It’s possible there may still be a few out there who haven’t been exposed to the British comedy group Monty Python’s Flying Circus.
But Semiahmoo Peninsula fans should fondly remember the random links between bizarre goings-on in which John Cleese – appearing suddenly and incongruously behind a desk in a tuxedo – would intone, in best BBC-announcer manner, “and now for something completely different.”
That catchphrase provides the theme – and the format – for the latest stage foray of the popular Pacific Showtime Chorus, Friday, June 1 and Saturday, June 2 at St. Mark’s parish hall in Ocean Park (performances at 7:30 p.m. each day).
Something Completely Different promises a fast-paced blend of upbeat songs and some of what the volunteer group’s professional director/keyboardist/writer and arranger Jonathan Wiltse calls their “greatest hits” from other productions (the Beatles’ Let It Be, The Beach Boys’ God Only Knows and Elvis’ Viva Las Vegas are a few examples).
And this time they’ll be interspersing the music with even more comedy material – classic sketches drawn from the repertoire of the Pythons and such other beloved talents as Bob Newhart, The Two Ronnies and Tim Conway and Harvey Korman.
‘Completely different’ is also an apt description of Pacific Showtime – which, unlike more sober-sided male voice-harmony groups, has always emphasized the fun quotient to the max.
In addition to their strong singing talents, the chorus members have shown no reluctance, during the group’s 14-year history, to give full reign to zanier instincts in such well-received burlesques as the Western-themed Deadwood, the mobster-laden The Godfather – A Musical Comedy, the ocean-going Ticket To Ride and the multiple-detective mystery, Private Eyes.
The variety format of Something Completely Different is, admittedly, a little looser in structure than some of the other Wiltse-directed shows, but in a typically jibe-heavy exchange with chorus founder-members Terry Bucknell and Denny O’Donovan, as well as recent group addition – and new chorus president – Bruce Kleeberger, Wiltse refused to be painted as a reluctant participant.
“I was onboard with the idea from the start,” he said, in spite of Bucknell’s insistence that the format was only settled on after a “straw poll” of members.
Wiltse acknowledged, however, that he does miss the ploys for shoe-horning songs into a more plot-driven show.
“In some of the others, we’d find really corny ways to transition into the songs,” he noted a little wistfully. “There’d be a groan before we started the number.”
However, there are numerous compensations in the current show, including a nod to Python that seems tailor-made for the chorus – ‘Always Look On The Bright Side Of Life. ‘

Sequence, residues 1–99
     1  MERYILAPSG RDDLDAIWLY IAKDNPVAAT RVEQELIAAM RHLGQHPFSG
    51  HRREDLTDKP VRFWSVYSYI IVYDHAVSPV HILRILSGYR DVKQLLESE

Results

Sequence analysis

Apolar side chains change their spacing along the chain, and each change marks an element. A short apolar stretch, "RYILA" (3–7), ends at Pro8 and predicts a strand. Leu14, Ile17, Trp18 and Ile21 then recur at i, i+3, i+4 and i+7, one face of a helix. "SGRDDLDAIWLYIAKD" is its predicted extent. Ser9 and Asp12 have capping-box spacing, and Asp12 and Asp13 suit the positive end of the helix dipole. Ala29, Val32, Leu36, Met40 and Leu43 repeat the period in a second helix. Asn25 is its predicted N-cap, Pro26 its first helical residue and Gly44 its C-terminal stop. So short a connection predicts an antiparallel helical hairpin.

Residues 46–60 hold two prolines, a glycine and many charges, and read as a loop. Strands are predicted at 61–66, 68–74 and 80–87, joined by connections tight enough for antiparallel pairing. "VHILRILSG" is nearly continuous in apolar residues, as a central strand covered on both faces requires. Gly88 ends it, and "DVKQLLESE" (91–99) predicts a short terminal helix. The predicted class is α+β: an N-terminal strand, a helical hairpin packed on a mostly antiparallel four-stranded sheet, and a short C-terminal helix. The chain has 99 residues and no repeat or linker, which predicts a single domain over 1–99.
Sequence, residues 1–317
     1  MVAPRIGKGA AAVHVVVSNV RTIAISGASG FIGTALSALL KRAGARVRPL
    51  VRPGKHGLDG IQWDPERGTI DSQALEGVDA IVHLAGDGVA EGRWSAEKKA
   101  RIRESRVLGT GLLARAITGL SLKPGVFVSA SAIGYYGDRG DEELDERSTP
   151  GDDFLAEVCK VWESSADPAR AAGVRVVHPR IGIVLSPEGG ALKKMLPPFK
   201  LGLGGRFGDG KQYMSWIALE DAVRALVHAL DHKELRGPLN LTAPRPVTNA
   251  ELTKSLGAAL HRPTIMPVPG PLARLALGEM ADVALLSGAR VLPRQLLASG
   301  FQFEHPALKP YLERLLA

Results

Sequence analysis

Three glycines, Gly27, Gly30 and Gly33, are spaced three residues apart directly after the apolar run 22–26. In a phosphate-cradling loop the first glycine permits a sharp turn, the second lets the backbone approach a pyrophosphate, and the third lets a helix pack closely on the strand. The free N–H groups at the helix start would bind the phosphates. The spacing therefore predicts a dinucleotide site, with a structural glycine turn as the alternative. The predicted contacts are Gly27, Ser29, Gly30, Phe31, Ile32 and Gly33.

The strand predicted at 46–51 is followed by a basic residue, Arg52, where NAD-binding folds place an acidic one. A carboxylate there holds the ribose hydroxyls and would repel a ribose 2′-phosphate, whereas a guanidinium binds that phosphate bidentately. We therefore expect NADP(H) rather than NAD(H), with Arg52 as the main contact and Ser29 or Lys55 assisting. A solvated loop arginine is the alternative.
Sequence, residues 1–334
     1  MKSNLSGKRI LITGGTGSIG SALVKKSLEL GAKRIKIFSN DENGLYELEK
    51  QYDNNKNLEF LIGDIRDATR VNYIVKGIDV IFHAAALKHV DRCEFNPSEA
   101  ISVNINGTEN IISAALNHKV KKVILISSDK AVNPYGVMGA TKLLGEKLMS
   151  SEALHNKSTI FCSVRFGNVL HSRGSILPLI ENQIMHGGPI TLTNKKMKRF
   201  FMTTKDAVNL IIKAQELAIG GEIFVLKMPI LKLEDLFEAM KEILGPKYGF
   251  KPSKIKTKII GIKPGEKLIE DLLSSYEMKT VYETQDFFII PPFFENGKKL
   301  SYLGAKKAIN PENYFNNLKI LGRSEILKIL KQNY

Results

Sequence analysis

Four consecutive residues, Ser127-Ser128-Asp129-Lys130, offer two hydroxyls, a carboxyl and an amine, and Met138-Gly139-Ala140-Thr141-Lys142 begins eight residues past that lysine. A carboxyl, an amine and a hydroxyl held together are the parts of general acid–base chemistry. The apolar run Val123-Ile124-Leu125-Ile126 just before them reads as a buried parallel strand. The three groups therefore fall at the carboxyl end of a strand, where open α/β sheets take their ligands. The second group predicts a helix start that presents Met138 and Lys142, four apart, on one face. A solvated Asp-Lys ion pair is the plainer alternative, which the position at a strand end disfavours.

“It’s one that everyone is enjoying,” said Kleeberger, who gets to ham it up as a dentist in a Tim Conway sketch, quite appropriately as it happens – he’s actually a retired dentist.
Bucknell – who brings his droll British demeanour to several favourite Two Ronnies skits – has also contributed to another number that promises to be memorable.
“We’ve been wanting to do Fat Bottomed Girls by Queen, but the lyrics have been a little…troublesome,” he said.
“Particularly if we wanted to go home at night,” interjected O’ Donovan (who will be performing Bob Newhart’s famous ‘Driving Instructor’ routine elsewhere in the show.
“So I wrote some different lyrics and it’s now the Fish-Slapping Song,” Bucknell continued.
“It has some super-nice harmonies,” Kleeberger noted.
“We’ve embellished it with props and some physical humour,” Wiltse added.
Another number – Those Magnificent Men In Their Flying Machines, theme of a popular comedy film of the 1960s – also seems tailor-made for the ensemble.
“When I first got hired to be the director, that tune came into my head and I sat down and started doing an arrangement for them,” Wiltse said.
“It’s because you were thinking, ‘what a pleasure it is to be directing such magnificent men,’” O’Donovan suggested, but again Wiltse declined the bait.
“The guys in this group – to a man – are great performers and great before an audience, once we get all the music and all the words,” he observed.
“As long as we can get to that point, it’s all gold from there.”
As always, Pacific Showtime is also on the lookout for a few good men who might enjoy joining in the fun as well.
The group, which rehearses Monday nights at 7:30 p.m. at St. Mark’s Church, 12953 20 Ave., continues to seek new members for subsequent shows in all vocal ranges (lead, tenor, baritone and bass). Singers are invited to attend rehearsals to check out the group and, hopefully, join in.
For more information, call 604-536-5292 or email firstname.lastname@example.org
Tickets for Something Completely Different ($20) are available from O’Donovan at 604-536-7983, or online from www.pacificshowtime.com